Thanksgiving is the second, unofficial, national holiday of the United States of America - where Independence Day celebrates the founding of the American state, Thanksgiving celebrates the founding of the American nation. Based on a celebratory feast held jointly by English Puritan "Pilgrim" immigrants and native Americans of the Wampanoag tribe in Massachusetts sometime in late September or early November of 1621, Thanksgiving is now celebrated on the fourth Thursday of November. Americans commonly commemorate this feast by joining together in extended family groups (which in the modern age often requires some travel) and eating a rich meal together. The centerpiece of this meal is traditionally turkey, which was present in abundance at the 1621 feast; ham, cranberry sauce, mashed potatoes and gravy, corn on the cob, green bean casserole, pumpkin pie, sweet potatoes and yams would be anachronistic at the original gathering but are common in modern celebrations.

Harvest and autumn thanksgiving celebrations are common across time and cultures, so why does America celebrate this particular one? Well, aside from the fact that the 1621 feast was one of the first major events in America for the European settlers from whom, for better or worse, modern American society is descended, the story also represents several of the ideals by which America seeks to define itself. The Pilgrims, less than a year in the new world to which they fled from religious persecution, remind America of its immigrant heritage and its promise of a better, freer life, which has continued to attract immigrants throughout its history. Likewise, the Wampanoag, without whose assistance the settlers might well have not survived the year, call to mind the American tradition of charity and mutual aid. That the two groups could come together in unity to celebrate represents a cultural tolerance, inclusiveness, and even friendliness which, if imperfectly realized through American history, has generally remained a national ideal. Even the very nature of the celebration - religious, for it was, as the name suggests, a giving of thanks to the higher powers for the harvest and the blessings of the previous year, but at the same time inclusive and nondenominational, the Pilgrims a splinter group of the Church of England and the Wampanoag of an animist tradition - is reflective of a society that marries a strong sense of religion to a tradition of religious freedom, diversity, and harmony rather remarkable in the grand sweep of history.

Of course, this is not to say that as the national holiday, the meaning of Thanksgiving has remained static through the ages, for the nation itself has certainly not. Thanksgiving has always incorporated the American themes of bounty and plenty, the promise of which has drawn immigrants from the Pilgrims to the modern day, but with the technological, economic, and societal advances of the 20th century, these themes have evolved into an aggressive consumerism. As this consumerism became a larger and stronger element of the American national identity, a trend augmented by the nation's strong identification with capitalism in contrast to the communism of its "enemies" in the Cold War, Thanksgiving naturally began to accommodate and reflect it. The Macy's Thanksgiving Day Parade in New York City, held on the morning of the holiday, is watched on television by millions, who see what is in large part a procession of children's entertainment and advertising displays presented by major corporations in what is, after all, an elaborate promotion for that ultimate symbol of early consumer culture, the department store. A major feature of the parade is the Santa Claus float, which calls to mind the fact that the day after Thanksgiving, which while not a actual holiday is frequently given to workers as a day of vacation, is Black Friday, the "official" opening of the Christmas shopping season, a day wholly dedicated to consumption. Likewise, entertainment and leisure, both fundamental to a consumer culture, are represented in the many American football games televised in the afternoon and watched in comfort by (mostly male) Americans, stuffed with food and frequently drinking beer, drowsy and content.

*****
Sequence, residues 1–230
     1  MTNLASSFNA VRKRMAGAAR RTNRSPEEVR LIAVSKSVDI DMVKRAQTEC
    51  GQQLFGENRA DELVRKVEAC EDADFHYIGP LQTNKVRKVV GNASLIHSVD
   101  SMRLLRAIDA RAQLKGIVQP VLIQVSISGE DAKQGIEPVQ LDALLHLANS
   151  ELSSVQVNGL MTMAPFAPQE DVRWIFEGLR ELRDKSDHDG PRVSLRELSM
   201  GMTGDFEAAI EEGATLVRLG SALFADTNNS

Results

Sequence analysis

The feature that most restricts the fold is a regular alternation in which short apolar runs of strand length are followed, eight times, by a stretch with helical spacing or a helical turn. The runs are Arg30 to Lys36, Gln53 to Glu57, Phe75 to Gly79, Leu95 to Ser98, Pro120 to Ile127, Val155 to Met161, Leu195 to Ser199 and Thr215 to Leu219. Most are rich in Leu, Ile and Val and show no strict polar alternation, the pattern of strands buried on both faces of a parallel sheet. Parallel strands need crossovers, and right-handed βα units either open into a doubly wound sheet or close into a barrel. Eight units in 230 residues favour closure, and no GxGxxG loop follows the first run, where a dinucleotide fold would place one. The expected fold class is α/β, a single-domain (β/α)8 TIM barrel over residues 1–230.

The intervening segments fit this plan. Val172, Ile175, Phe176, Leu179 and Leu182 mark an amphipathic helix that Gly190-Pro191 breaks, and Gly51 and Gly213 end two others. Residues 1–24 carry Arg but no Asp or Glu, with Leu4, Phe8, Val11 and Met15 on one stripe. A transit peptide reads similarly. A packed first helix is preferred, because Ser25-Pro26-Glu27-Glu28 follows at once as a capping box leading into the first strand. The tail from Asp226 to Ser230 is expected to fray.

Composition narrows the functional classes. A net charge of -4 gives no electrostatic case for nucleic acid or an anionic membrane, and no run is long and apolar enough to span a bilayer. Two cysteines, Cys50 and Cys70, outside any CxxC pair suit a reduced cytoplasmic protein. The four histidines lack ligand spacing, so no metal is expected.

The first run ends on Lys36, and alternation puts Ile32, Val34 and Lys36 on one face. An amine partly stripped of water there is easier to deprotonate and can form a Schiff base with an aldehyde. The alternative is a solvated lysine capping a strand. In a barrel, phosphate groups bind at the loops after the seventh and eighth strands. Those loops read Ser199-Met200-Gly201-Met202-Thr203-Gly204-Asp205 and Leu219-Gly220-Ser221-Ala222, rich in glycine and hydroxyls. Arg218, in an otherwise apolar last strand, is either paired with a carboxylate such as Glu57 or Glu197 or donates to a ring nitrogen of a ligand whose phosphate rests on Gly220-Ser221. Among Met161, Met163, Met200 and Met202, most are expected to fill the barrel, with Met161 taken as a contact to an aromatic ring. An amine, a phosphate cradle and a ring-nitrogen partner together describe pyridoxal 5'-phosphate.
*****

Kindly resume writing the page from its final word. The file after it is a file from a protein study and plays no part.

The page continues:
Independence Day remains the official national holiday, while Thanksgiving was not officially set as a holiday at the national level until 1941. I personally believe that Thanksgiving should be formally elevated to share the spotlight with Independence Day. This would necessitate no changes to the holiday's treatment or celebration, and government meddling in this matter would in fact run counter to the spirit of Thanksgiving as the people's holiday, and while the latter's themes of freedom and liberty are important, there is no reason why they could not stand side-to-side with the more humanized themes of the former. In recognizing and formally identifying itself with these themes, I believe America would be projecting a positive image of itself that would resonate even with many of those at home and abroad who dislike the government and military with which Independence Day, as a "state" holiday, is strongly identified. Thanksgiving represents the true spirit of the American people, and deserves to be acknowledged as such.